Ethereum has seen a new wave of entrants looking to establish their own decentralized prediction markets. Despite being one of the original use cases for the Ethereum network, there has yet to be a dominant player in the space with adoption struggling to take hold.
The general premise of decentralized and permissionless prediction markets is rather enticing: anyone in the world is able to bet on the future outcome of any event. With enough liquidity, such activity could create the basis for insurance products, sports betting and forecasting with all data being sourced on chain and available for public use.
In 2018 Augur broke new records when $2.1 million was staked in its US midterms market, however the 2016 ICO has since struggled to generate any meaningful adoption. The platform came under fire in 2019 from an apparent design flaw which enabled bad actors to game the system by deliberately creating and profiting from invalid markets. Since then, excitement for Ethereum prediction markets has waned.
While Augur has spent much of the last 2 years focusing on their V2 (expected at the end of the July), a flurry of other prediction markets have been developed and deployed to Ethereum mainnet.
The New Entrants
Omen is the newest player in the prediction markets space. As stated in their release post this week:
“Omen is a decentralization maximalist prediction market platform launched, maintained, and governed by the DXdao.”
Omen’s prediction market is built on top of Gnosis, allowing anyone to create markets by posing a question of their choice along with a range of customizable features including outcomes, collateral types, expiration dates, categories (like technology, crypto, sports, or politics) and arbitrators (i.e. oracles).
The last point is worth expanding on given Augur’s historical issues. Omen is an oracle-agnostic platform, meaning anyone can specify the custom data source they’d like to use as an oracle. With that in mind, Omen V1 uses the decentralized tool Realit.io as an oracle with Kerlos dispute resolutions as the final arbitrator. But in theory, potential Omen oracles could include Chainlink, Aragon Court and even traditional legacy news outlets.
Creating an open and modular predictions platform was one of Omen’s core design goals during its development. The most interesting piece about Omen though is the introduction of “conditional tokens”, a framework that allows users to:
- Create simple markets on the likelihood of a given event.
- Create complex markets about the likelihood of an event which is affected by other events. (e.g., what is the probability of a global recession, if a trade war breaks out between the United States and China in the next year?)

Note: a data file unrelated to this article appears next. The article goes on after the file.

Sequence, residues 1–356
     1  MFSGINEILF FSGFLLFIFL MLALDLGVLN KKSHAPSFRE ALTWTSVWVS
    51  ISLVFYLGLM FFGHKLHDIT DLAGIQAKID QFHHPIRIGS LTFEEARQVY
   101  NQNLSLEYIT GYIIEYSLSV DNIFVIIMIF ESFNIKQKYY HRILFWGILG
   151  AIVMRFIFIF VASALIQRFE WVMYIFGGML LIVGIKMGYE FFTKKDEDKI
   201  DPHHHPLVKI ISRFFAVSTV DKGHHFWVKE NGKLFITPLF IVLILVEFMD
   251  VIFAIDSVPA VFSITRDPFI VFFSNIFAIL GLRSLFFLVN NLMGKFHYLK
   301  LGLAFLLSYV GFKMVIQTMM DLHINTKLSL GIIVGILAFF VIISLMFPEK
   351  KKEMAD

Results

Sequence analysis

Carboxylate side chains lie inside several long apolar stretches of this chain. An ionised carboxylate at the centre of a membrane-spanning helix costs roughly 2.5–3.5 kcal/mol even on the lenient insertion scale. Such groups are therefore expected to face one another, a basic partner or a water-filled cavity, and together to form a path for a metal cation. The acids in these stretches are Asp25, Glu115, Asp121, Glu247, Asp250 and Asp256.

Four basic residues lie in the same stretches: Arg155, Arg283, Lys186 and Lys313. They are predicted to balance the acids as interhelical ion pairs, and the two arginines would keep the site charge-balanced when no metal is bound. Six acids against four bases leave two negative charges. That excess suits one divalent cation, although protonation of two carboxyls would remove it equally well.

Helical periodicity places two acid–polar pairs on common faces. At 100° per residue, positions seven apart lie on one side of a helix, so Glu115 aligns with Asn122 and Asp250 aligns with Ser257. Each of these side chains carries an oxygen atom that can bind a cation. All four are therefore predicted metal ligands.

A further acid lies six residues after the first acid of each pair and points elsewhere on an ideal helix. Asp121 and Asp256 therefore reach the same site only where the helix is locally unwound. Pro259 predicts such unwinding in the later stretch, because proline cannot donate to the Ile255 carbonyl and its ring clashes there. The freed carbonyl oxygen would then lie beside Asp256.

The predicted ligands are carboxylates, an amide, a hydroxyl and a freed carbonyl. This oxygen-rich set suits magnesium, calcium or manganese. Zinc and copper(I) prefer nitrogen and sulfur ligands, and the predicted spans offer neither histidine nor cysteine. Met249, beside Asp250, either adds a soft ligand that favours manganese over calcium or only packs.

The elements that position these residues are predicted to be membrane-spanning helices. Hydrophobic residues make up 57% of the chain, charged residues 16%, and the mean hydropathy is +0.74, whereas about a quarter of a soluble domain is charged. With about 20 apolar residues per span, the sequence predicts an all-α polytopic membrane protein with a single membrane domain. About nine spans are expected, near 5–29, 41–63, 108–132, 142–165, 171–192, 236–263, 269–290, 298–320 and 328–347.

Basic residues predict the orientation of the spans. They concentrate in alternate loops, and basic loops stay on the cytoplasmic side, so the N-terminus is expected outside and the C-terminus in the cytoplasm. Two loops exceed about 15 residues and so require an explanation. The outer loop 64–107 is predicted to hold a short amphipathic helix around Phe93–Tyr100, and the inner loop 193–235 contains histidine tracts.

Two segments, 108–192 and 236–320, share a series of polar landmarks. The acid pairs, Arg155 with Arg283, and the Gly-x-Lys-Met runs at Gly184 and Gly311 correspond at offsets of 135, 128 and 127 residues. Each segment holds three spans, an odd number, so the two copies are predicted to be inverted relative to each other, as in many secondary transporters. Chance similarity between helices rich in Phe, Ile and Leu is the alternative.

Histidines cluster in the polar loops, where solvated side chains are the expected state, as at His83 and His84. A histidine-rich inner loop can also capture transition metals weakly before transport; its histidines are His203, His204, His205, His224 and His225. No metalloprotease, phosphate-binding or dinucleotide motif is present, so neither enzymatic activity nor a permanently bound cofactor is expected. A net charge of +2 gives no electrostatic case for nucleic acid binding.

- Trade any asset under the condition that a specific event happens.
This ERC20-compliant framework paves the road for global access to cross-platform liquidity.
Polymarket is another new entrant in the prediction market sector. The product, which launched in mid-to-late June, is non-custodial and permissionless and also features the conditional token framework developed by Gnosis.
The difference between the two is that while Omen is aiming to be maximally decentralized, Polymarket has more centralized functionality in order to improve and streamline the user experience. Some of the more popular markets right now on the platform include “Will Ethereum 2.0 Phase 0 launch before 2021” and “Will Trump win the 2020 U.S. presidential election”.
Users can also provide liquidity to the market’s liquidity pools and earn fees every time someone trades. Those who elect to become LPs on Polymarket are ultimately helping the market produce more accurate information on the underlying predictions.
Equally as important, users can withdraw their liquidity at any time.
Despite Augur’s struggle to garner significant traction over the years, the prediction market’s V2 upgrade – which is set to release on July 28th – has been highly anticipated by the Ethereum community.
Augur V2 will feature DAI denominated prediction markets, eliminating the volatility and friction associated with using ETH. In addition, Augur V2 will address those using and exploiting invalid prediction markets. In the next upgrade, “invalid” will be a tradeable outcome like any other, enabling traders to hedge the risk of invalid outcomes and gauge their likelihood via market forces.
While Augur was the lone Ethereum prediction market for several years, the arrival of new participants has rejuvenated interest in this long-awaited use case.
Better yet, both Omen and Polymarket offer notable improvements over Augur V1 (and arguably V2 as well). However, Augur has a secret weapon up its sleeve that neither of the new participants have – tokenized incentives. With the recent yield farming mania happening in DeFi, Augur has the potential to integrate similar incentives for users to participate in the protocol’s new upgrade.
While nothing has been announced, we can only hope that this would be a late addition to give prospective users an attractive incentive to deposit and bootstrap liquidity for Augur’s V2.
But we shall see. If anything, it’s exciting to see a new resurgence in prediction markets, especially with the upcoming US presidential election – an event that is likely to see millions traded across these markets on Ethereum.